Comrie Croft has some great little mountain bike trails but it isn't only a campsite for the sort of person who takes their bike to bed with them.
There is plenty for their non-wheeled loved ones.
My bestie turned forty just after me, and ten of us went for the weekend to celebrate with frothing mugs of prosecco and grilled steaks in the High Meadow.
There are no photos of this because
I was incapable it was dark. We missed the aurora borealis by a day but the stars were incredible. Like the permanently blue skies above the clouds that you only see from planes, I forget all those stars are there, plainly visible, away from the city glare. It's so important to be reminded. They made visiting the compost toilets in the night well worth the excursion.
What I mainly want from camping is to have no one or thing man-made in my field of vision or hearing, except for my tent, because the payoff for eschewing a hot bath and down duvet is perfect solitude and natural beauty. I want to be able to sleep wherever my legs tell me the day's hike needs to end and I don't want to pay for the privilege. Ideally, I want to cook freshly gathered mussels on a driftwood fire. But there are other kinds of camping: there's just wanting to get together with friends, outdoors; there's desperately needing to lure your thirteen year old away from screens for a weekend. Both of these are only made possible by easily accessible locations, hot showers, phone charging lockers and limited wi-fi - all things you might want to hike a mile from under less sociable circumstances.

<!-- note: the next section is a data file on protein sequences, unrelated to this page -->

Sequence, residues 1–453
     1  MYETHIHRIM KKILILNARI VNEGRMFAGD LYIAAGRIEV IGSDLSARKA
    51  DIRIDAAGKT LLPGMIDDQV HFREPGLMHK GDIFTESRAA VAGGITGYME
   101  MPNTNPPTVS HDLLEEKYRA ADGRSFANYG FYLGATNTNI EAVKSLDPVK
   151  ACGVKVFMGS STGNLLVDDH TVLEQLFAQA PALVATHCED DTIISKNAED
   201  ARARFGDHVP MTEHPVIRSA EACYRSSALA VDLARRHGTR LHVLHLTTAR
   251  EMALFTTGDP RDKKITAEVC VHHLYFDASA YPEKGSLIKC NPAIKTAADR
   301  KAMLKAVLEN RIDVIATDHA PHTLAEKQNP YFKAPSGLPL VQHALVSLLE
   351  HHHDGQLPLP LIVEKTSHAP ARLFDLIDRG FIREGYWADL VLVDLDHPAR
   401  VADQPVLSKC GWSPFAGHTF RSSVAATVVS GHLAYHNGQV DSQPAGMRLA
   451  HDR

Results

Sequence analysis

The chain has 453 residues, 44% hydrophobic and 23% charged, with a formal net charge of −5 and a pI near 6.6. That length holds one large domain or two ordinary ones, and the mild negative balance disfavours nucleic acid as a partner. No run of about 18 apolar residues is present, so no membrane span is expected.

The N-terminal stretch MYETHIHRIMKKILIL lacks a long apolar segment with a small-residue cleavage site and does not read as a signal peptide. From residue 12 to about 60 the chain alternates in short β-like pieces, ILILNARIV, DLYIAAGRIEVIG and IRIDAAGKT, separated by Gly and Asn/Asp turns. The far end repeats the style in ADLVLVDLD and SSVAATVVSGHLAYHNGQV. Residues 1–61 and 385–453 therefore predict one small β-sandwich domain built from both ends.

Most of the camping I've done has also been on foot or public transport which is worthy and righteous but, after twenty-two years and counting as a car-free adult, I now value the times I have access to a grown up with a driving license and a vehicle. It enables the transportation of French presses and catering-size blackberry and plum crumbles made the night before from the glut of garden fruit and eaten cold for breakfast.
Add to this, the further luxury of an undercover open air tea garden and we were still very happy campers despite a day of heavy rain.
Because everyone knows survival against the elements requires a few of these little essentials, like condiments and garnishes.
And forget baked beans - for any nights when you've left it too late to wait for the embers for grilling meat or cooking camp toasties on the fire, rucksack-forbiddingly heavy jars of Polish bigos, pulpety and fasolka on the Trangia are the thing when weight doesn't matter.
You still have to have a fire though. Always a fire.
Maybe it was the weather or the fact that coffee-drinking hikers were heavily outnumbered by tea-drinking bikers, but I did virtually no walking at all. I average about ten miles a day in my city life and, for the first time in months, my post-tibial tendonitis eased up and I stopped fretting about problems and concentrated on the small, pressing tasks of fire and food. I love this about camping.
We did walk around the short site trails
and into nearby Comrie,
past a few of Perthshire's big trees, but Ben Chonzie will have to wait. It's probably not going anywhere.
My menfolk and I stayed a day longer than everyone else
and woke to thick mist
that sank into the valley revealing blue skies and sunshine.
Next time I want to camp on one of the lovely woodland pitches that make it easier to pretend you're not on a campsite. My family have already complained they are too dark/midgey/scary but I thought they were utterly perfect.
They are full of ferns and streams and bats and PINE MARTENS.
There are also nordic katas with wood-burning stoves and sheepskin beds for the winter.
I wanted to stay.